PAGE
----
Saturday, February 13, 2016

Book Review: The Hero of Downways

© 1973 by Michael G. Coney

Michael G. Coney is one of the most creative, out-of-left-field SF authors I have ever read. Was, I should say, the man having died of mesothelioma in 2005. A child in Britain during World War II, he prospered mainly in the 70s and 80s with a dozen or so novels progressing from claustrophobic dystopic tales to mind-bending science fiction and fantasy.

Now, truth be told, I have read only one other one of the man’s novels: The Celestial Steam Locomotive, during my SF dry spell. From the mid-80s to the turn of the century, my main literary fodder was horror and technothrillers. Littering that landscape were a few Silverbergs, a Clarke or two, and perhaps two or three others. That was it. So CSL really shook me up. Published in 1983 it was unlike any of the other 60s and 70s SF I had ever read. Don’t remember much about the plot or characters, but it left an impression of greatness upon me, and I will reread it someday.

In November of 2011, browsing a used book store, I came across The Hero of Downways, by that same author of The Celestial Steam Locomotive (though this was written ten years prior). Based on that single fond memory I bought the book.

And it sat on the bookshelf On Deck Circle for half a decade.

What a waste, for I could not set the thing aside once I began it. It was an amazing piece of writing. I burned through it in three hours over three days.

How to describe The Hero of Downways? Every time I thought I had it nailed down, it morphed ninety-degree-angle-wise into something slightly different, slightly better.

We start out among some type of primitive tribe, with typical primitive tribal religions – a “Hero” who slays the “Daggertooth,” and in slaying the beast, is himself slain. These creatures are manlike, yet live underground, eat maggots, burrow in narrow dark tunnels and see with some type of infrared vision. The Daggertooth appears to be a giant rat-like monster – or are Downways people little miniaturized humans?

Then, there’s technology. Among the fungal glowglobes a new water distribution system is being developed. Apparently we’re in the midst of a technological renaissance. More so, there is the Vat – an ancient device that brings forth living beings after a tissue sample is supplied. Ergo, trukids, natural-born children, and vatkids, those made in the Vat. But only one person is made in the Vat during the tale, John-A, the new “Hero” to combat a new Daggertooth menace.

This is but the tip of the iceberg, as they say.

We soon meet the “Oddlies,” those trukids born with genetic anomalies who are immediately exiled from the tunnels of Downways. They’ve banded together over the years under the menacing personage of one Threesum, a genetic mutation truly horrifying – and clever, it must be admitted – even to the most seasoned SF reader. The Oddlies and the Downways exist in an uneasy truce, and are brought to the verge of war under the harsh, overbearing and belligerent leadership of John-A. Fighting each other when the greater menace, the Daggertooth, has a habit of quietly showing up at the most inopportune times to slaughter uninhibited.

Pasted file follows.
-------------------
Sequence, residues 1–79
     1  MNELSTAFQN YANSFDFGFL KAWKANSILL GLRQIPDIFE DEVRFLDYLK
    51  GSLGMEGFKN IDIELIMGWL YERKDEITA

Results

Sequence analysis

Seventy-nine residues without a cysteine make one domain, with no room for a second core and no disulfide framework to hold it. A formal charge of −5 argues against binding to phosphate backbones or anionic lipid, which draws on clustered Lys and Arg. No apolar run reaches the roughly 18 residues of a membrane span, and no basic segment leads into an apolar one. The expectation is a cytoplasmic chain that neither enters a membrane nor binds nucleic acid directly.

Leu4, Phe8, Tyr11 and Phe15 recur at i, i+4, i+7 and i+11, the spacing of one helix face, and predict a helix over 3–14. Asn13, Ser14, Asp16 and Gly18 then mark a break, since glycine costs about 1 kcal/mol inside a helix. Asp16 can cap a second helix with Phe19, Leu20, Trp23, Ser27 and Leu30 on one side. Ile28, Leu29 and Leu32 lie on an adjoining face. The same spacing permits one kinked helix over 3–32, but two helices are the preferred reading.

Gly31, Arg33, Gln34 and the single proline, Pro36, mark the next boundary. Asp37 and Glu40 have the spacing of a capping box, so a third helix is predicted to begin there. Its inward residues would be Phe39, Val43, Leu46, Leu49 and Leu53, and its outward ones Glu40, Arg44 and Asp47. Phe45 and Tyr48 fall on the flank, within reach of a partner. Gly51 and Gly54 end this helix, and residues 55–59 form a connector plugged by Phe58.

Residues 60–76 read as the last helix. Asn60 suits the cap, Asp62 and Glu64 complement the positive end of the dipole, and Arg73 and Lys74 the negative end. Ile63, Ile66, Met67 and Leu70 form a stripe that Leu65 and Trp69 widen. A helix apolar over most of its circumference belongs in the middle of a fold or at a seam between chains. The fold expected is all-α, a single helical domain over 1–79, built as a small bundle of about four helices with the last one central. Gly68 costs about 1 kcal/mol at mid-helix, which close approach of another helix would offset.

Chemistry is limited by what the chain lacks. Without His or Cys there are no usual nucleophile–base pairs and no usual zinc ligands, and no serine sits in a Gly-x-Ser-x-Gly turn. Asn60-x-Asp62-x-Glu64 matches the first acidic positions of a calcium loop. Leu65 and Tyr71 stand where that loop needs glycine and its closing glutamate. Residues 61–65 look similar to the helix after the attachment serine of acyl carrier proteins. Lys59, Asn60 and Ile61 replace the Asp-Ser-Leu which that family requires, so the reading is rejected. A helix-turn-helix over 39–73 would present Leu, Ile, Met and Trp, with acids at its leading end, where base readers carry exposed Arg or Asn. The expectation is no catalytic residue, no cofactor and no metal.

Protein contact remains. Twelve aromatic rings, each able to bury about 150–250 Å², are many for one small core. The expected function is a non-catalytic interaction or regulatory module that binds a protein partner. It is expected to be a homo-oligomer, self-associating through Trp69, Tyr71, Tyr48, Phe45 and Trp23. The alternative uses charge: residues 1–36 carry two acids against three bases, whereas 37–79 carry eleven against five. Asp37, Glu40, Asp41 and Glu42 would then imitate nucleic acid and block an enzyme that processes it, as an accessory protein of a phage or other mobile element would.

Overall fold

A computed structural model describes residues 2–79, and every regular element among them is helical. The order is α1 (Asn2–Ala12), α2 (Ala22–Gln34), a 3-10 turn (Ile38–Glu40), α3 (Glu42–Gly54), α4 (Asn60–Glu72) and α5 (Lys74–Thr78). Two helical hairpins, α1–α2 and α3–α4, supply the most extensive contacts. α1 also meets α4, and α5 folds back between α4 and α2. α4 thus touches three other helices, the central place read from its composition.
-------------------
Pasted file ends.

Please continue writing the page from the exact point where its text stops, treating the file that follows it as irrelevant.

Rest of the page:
Shirl, a spunky female whose lifespan we follow in the short novel, is tasked to teach the vat-born John-A, tame him and, perhaps, try not to be destroyed by him. For John-A was created to deal with the Daggertooth menace, a job he’s ostensibly up to, when he’s not murdering and scheming to dominate the hive.

The book really takes off in the final third. A battle between the Oddlies and John-A’s forces, launched in a way I did not anticipate and concluded in a similarly surprising fashion, leads to one of the best denouements I’ve recently read. And to cap it off, the conclusion of the book, the final six or seven pages, turns everything that I assumed about the novel on its head. A single sentence

She wanted to look at the stars

brought shivers to me as I realized the courage this little post-Apocalyptic underground hamster-human possessed to brave the raging surface radioactivity, and as we follow her upwards to her first view of the sky, we learn

That she may not even be human, and that the whole novel may not even have taken place on earth.


I’m not sure I entirely understood the final chapter, despite reading it twice, because it was very late at night and I was very tired but I had to finish it.

Seek out George R. R. Martin’s novella “In the House of the Worm,” (it’s part of his infamous Sandkings anthology), published three years after Downways, if you want to get a feel for this story. Though Martin’s tale is factors ickier and more claustrophobic. I also detected hints of the Martian downtrodden from Paul Verhoeven’s 1990 Total Recall, particularly a mutated fellow named Kuato that paid more than requisite homage to Threesum, if Coney’s novel was even known to those screenwriters.

If I had all the time in the world, I’d re-read The Hero of Downways in a year or two. But I’ll more likely explore some other of Coney’s works. I have his fantasy Fang the Gnome sitting in the On Deck Circle behind me (purchased in 2012) and I’d like to check out his take on the Arthurian legend in King of the Scepter’d Isle, which immediately and henceforth gets placed on the Acquisitions List.

Grade: Solid A.

Note: the “G” in Michael G. Coney stands for “Greatrex” – what an awesome name! Might show up as a character in a future Hopper novel …

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